18. The article of manufacture as claimed in claim 13 wherein the DRM component data includes information indicative of a particular user, the storage of the DRM component data for the particular user not affecting DRM component data previously stored for a different user.

19. The article of manufacture as claimed in claim 13 wherein the bound data set is one or more of the types including: a data block, streaming data..

20. An article of manufacture embodied as a machine-accessible medium including data that, when accessed by a machine, causes the machine to be operable to: insert a digital rights management (DRM) component between a software application component and a persistent data store; intercept a request from the software application component for access to the persistent data store; retrieve a bound data set from the persistent data store; and recovering software application component data from DRM component data in an unbound data set.

21. The article of manufacture as claimed in claim 20 wherein the persistent data store is remotely connected to the DRM component.

22. The article of manufacture as claimed in claim 20 wherein the bound data set is recovered using one or more of the processes including: decrypting with a cipher, unscrambling, exposing steganographically hidden data.

23. The article of manufacture as claimed in claim 21 wherein the bound data set is recovered using one or more of the processes including: decrypting with a cipher, unscrambling, exposing steganographically hidden data.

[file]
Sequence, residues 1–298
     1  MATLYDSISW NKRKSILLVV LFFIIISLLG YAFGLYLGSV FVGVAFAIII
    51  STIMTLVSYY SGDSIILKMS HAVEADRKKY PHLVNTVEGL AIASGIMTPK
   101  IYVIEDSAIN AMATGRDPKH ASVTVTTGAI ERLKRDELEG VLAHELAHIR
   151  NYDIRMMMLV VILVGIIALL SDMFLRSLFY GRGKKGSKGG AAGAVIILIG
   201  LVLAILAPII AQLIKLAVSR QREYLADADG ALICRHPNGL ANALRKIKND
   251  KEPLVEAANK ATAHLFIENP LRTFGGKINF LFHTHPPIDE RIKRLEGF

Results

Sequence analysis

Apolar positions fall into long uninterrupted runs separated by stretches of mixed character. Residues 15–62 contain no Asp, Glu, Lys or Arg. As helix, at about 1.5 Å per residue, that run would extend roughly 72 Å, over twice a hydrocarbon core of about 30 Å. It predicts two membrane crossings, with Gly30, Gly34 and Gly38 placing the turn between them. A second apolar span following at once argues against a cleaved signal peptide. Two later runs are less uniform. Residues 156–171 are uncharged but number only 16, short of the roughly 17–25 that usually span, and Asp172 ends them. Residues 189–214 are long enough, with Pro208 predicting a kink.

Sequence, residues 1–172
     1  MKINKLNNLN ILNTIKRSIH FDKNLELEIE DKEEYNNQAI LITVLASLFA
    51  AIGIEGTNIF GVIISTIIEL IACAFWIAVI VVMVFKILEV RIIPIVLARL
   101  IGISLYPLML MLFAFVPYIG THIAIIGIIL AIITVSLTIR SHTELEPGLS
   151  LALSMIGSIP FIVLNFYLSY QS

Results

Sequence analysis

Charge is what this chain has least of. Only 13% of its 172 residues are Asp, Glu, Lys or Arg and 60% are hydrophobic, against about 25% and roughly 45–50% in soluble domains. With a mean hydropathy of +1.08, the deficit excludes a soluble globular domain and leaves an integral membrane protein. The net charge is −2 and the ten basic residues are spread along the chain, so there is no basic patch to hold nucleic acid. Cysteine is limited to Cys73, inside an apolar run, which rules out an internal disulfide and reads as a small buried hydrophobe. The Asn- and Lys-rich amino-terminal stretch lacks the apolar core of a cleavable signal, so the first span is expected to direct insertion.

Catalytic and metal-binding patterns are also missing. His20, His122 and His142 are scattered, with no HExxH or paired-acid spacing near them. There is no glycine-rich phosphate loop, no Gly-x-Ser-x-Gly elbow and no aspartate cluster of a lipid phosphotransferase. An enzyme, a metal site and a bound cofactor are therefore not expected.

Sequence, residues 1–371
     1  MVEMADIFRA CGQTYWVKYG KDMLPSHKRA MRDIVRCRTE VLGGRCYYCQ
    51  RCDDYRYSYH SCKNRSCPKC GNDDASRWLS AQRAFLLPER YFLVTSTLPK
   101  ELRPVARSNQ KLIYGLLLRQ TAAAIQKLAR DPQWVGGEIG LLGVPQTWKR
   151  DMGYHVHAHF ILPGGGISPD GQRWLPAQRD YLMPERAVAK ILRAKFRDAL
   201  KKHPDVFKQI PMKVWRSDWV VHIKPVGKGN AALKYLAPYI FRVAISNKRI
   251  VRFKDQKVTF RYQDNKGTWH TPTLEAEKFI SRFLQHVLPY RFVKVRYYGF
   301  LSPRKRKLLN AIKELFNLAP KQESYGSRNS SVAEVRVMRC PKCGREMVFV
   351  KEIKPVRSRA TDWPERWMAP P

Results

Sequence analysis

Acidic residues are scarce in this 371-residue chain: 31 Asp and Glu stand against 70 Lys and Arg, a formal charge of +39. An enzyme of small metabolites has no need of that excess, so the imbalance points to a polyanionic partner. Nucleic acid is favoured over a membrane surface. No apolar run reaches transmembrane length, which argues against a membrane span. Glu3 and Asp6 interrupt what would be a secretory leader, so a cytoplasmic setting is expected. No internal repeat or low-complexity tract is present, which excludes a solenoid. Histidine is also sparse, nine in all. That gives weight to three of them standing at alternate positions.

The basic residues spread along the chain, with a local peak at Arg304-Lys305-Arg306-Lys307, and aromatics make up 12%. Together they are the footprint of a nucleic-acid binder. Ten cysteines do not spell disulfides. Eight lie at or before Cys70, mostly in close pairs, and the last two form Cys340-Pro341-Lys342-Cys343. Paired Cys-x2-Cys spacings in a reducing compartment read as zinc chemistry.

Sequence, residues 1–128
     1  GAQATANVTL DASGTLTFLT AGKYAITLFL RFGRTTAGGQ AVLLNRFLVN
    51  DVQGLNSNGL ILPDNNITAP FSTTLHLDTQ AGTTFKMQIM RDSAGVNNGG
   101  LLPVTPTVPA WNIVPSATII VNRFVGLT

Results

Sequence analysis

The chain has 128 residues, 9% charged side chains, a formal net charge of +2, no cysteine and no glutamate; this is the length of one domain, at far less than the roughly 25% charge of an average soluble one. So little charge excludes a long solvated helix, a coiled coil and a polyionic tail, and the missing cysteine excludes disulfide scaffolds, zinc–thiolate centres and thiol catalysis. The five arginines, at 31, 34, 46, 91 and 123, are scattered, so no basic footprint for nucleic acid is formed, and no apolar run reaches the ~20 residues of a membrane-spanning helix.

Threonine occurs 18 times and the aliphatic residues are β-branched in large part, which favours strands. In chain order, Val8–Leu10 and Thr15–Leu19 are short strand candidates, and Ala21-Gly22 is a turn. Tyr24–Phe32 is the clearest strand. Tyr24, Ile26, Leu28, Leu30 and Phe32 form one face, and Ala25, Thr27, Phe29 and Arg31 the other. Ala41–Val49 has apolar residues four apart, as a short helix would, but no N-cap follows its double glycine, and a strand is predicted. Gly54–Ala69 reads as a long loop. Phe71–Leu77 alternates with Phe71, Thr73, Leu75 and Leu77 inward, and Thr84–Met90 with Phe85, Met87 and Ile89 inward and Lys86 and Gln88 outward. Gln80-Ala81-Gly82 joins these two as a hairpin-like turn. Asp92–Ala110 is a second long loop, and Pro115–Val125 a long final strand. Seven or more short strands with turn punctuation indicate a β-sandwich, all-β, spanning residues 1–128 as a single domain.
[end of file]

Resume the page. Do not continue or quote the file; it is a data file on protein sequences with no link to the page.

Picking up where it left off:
24. The article of manufacture as claimed in claim 20 wherein the unbound data set is one or more of the types including: a data block, streaming data.

25. The article of manufacture as claimed in claim 20 further including recovering software application component data from DRM component data without modifying the bound data set in the persistent data store.

26. A system comprising: a processor; a persistent data store to store digital rights management (DRM) data and software application component data; and a DRM binding component to insert a digital rights management (DRM) component between a software application component and the persistent data store, to intercept a request from the software application component for access to the persistent data store, to bind DRM component data with software application component data in a bound data set, the DRM component data useable to manage access to the software application component data, and to store the bound data set in the persistent data store.